preventing much in the way of a warm up. Undercut MOS temps by 4
to 8 degrees to account for the increasing cloud cover, with
most areas climbing into the 40s for highs, maybe 50 across
southside VA and the Piedmont.
By tonight, the column is forecast to eventually saturate with
likely to categorical pops for most of the CWA after midnight
and into early Wednesday. Greatest QPF is expected across the
southern half of the CWA (south of highway 460), with a quarter
to a half inch liquid equivalent. The northern CWA is expected to
receive a tenth of an inch or less. The key word here is liquid
equivalent because some areas of the CWA will receive snow as
opposed to rain.
Temperatures early tonight will initially will be in the 40s,
but as evaporational cooling of the column takes place it will
gradually bring temperatures down with the Freezing Level
dropping to within about 4kft above MSL. This lowering of the
freezing level will result in a p-type change from rain to snow
across the higher elevations, with some minor to modest
accumulations anticipated for elevations above 3500 feet. Places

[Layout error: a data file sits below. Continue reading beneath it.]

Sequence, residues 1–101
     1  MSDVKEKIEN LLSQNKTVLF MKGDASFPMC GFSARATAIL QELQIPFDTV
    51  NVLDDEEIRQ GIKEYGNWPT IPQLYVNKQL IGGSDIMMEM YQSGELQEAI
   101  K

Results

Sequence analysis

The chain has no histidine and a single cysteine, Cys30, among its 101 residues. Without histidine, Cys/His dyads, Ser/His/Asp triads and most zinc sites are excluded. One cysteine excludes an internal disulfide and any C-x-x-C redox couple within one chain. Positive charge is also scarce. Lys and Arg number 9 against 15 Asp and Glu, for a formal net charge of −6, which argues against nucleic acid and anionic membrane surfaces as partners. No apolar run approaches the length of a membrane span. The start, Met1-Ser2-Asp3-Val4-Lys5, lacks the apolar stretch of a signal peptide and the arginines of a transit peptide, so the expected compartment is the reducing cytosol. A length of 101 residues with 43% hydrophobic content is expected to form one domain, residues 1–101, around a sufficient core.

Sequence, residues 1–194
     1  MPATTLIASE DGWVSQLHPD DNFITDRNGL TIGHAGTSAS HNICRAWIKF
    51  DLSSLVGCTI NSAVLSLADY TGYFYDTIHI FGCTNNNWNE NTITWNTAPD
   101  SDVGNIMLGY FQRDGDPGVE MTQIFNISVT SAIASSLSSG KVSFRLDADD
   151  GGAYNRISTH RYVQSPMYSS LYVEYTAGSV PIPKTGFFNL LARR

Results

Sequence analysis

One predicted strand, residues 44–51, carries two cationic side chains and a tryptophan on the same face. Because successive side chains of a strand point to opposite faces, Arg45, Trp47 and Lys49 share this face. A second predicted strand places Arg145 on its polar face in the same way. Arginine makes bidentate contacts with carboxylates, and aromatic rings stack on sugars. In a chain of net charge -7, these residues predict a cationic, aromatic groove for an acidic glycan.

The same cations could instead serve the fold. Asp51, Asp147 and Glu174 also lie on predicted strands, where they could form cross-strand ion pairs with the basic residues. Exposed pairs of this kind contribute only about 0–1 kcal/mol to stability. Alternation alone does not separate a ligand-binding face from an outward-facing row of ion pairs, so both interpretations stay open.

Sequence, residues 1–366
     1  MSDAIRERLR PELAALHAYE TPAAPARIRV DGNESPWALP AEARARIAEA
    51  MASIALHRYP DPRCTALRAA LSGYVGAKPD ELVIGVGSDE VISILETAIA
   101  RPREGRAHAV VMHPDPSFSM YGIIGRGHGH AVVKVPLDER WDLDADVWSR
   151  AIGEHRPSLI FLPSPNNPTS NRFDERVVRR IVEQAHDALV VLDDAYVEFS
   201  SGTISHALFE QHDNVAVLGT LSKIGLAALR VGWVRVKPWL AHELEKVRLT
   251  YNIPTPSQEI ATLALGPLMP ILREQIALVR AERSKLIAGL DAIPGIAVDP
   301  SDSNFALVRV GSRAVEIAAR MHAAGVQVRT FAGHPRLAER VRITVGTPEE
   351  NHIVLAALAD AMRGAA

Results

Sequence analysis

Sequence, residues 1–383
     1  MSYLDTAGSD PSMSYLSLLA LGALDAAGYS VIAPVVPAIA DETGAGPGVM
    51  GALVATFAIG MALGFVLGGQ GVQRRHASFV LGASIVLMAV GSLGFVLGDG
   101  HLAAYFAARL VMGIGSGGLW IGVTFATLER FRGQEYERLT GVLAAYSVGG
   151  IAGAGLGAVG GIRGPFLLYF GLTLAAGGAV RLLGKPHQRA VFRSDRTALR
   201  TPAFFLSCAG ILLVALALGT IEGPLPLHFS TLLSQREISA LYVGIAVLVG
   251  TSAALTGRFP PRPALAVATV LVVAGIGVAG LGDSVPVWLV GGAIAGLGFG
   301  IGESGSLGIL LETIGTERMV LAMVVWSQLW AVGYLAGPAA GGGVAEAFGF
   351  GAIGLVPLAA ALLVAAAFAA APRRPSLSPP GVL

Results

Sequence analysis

like Mount Rogers (elv. 5700 ft) will have the best chance for
the precip to be all snow, so a quarter to half inch QPF would
translate into several inches of snow for these higher ridge
tops. Model snow ratios are suggesting something close to 7:1 so
1 to 4 inches of snow would be possible for elevations above
3500 feet late tonight and early Wednesday with focus on the
far western CWA from Bluefield south, including the Mountain
Empire, Grayson Highlands and the higher terrain surrounding
Mount Rogers, and then into the high country of NC for the
higher elevations just west of West Jefferson and into western
Watauga including Beech Mtn.
At some point we may need to consider an elevation defendant
winter weather advisory, but want to take a look at the next
model run or two to assess amount of cold air available and
whether the cold front approaching from the northwest will aid
or inhibit precip production and/or lowering of the freezing
level below what is already forecast. Confidence attm is for at
least an inch or two of snow for the highest elevations and just
plain ol rain below 2000 feet MSL. It`s the layer between
2000-4000 feet MSL that could have more or less of a mix of snow